If there is one thing that gets hammered home to folks in the logistics, manufacturing and construction industries on a daily basis, it is the importance of safety. At Medlin Ramps, we aren't tired of it; in fact, we think it should be not just everyone's highest priority, but their responsibility as well – and that includes us. Responsibility for safety doesn't stop at the end of a transaction when you purchase our equipment (which is manufactured to the highest standards of quality and safety.) That's why we're using our blog to shine a spotlight on major safety issues, and measures you and your employees can put into place to help reduce injuries and fatalities.
With that in mind, today's piece is on forklift safety. According to OSHA, forklift accidents kill close to 100 people every year, and cause about 35,000serious injuries – to say nothing of the almost 62,000 minor accidents, injuries and mishaps that are reported. Who knows how many go unreported every year, for that matter? But if you think about it, there are about 1.7 million workers in logistics in America, and about a million of them actually work in warehouses, loading yards and other places using forklifts; so more than 1 in 100 workers, or greater than 1%, is affected by a forklift injury every year – and those are just the ones that are reported! Those odds are not great for the average employee, when you factor in the fact that forklifts can crush bones and cause other major, traumatic injuries.
We don't make forklifts at Medlin Ramps. However, we make a lot of equipment for operations where people regularly use forklifts and powered trucks, so we want to share some of our experience with you about how to increase safety around these kinds of equipment.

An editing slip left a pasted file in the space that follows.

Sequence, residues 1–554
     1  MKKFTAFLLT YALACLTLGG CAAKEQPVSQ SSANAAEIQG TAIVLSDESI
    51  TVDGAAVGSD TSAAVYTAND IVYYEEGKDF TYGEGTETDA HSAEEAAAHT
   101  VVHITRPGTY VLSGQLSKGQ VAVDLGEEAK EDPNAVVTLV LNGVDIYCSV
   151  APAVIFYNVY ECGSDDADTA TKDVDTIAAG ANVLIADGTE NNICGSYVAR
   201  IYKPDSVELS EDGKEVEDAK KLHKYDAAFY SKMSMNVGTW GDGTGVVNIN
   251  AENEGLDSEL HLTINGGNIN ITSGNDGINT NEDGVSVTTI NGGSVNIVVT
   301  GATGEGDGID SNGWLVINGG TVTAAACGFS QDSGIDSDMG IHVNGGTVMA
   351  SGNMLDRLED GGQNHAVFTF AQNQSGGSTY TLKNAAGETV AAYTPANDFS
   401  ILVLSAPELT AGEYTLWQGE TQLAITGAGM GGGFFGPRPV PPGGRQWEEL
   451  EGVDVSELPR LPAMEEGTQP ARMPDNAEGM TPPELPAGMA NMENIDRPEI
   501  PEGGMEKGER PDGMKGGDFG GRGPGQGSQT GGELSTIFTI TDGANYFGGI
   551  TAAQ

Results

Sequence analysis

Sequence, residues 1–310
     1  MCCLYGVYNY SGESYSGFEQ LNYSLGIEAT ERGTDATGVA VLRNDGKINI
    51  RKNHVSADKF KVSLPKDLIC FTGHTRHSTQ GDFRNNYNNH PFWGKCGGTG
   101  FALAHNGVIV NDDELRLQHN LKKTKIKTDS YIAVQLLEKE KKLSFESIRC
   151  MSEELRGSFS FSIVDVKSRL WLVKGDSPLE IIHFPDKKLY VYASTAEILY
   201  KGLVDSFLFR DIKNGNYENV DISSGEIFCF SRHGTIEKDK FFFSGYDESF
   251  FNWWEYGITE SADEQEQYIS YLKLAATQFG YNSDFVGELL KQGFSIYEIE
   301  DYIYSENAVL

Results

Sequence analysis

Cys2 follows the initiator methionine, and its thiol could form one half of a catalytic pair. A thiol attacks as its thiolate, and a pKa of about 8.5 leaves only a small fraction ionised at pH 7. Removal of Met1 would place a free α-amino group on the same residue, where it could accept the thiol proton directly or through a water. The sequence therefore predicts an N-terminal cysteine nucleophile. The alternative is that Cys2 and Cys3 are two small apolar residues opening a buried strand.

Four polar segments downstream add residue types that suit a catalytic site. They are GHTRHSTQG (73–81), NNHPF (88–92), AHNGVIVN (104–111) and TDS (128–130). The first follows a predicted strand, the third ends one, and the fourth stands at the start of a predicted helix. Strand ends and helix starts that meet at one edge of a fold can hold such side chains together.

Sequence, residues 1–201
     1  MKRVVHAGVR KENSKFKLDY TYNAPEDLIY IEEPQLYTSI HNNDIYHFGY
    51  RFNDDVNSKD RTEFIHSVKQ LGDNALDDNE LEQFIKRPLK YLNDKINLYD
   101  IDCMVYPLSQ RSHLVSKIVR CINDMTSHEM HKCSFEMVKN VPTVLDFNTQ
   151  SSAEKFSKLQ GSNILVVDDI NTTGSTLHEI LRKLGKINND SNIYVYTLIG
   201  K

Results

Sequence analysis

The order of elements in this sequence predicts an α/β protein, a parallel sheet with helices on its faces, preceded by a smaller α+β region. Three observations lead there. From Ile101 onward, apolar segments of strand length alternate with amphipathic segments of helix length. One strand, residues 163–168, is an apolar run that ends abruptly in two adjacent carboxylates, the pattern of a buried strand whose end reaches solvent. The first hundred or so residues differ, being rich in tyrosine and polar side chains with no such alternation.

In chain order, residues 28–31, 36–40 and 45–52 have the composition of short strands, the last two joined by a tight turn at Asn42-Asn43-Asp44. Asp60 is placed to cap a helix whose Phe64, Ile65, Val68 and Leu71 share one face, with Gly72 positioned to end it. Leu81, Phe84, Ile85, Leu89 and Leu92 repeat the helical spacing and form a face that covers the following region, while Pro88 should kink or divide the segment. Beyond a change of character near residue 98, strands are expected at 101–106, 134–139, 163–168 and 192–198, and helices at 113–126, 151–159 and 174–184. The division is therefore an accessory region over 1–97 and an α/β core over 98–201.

First of all, know the hazards. Depending on the type, there are different hazards involved. A counterbalanced rider truck with a high lift where the worker sits down will cause more fall accidents than motorized hand trucks, simply because the lift goes higher. Each piece of equipment comes with its own set of specific hazards, and you shouldn't rely on experience to let you know which is which – there is a ton of great material on the Internet, including at the OSHA web site, to help you get up-to-date on the most pressing safety issues in the industry today.
You also have to make sure your training is robust and up-to-date. Hey, we understand that OSHA is a big, very stringent regulatory agency whose rules sometimes seem a little impractical or end up costing you a lot of money. However, they're not just making up rules because they like being bossy. Their standards for training make sure that your workers don't just know how to keep people safe on your worksite, but on any worksite – meaning that new hires you make from other companies already have robust, broadly applicable knowledge that will help you. Ensure that workers are protected by keeping your training fully up-to-date with OSHA; it's not just a check box on the audit, it's a matter of life or death.
Last, creating a culture of safety is incredibly important. Those measures to prevent collisions, vehicle tip-overs, falls, being crushed between the forklift and another surface, foot and eye injuries and everything else shouldn't become commonplace and something for workers to get complacent about. They should be things workers are rewarded for following and encouraged to reinforce among themselves.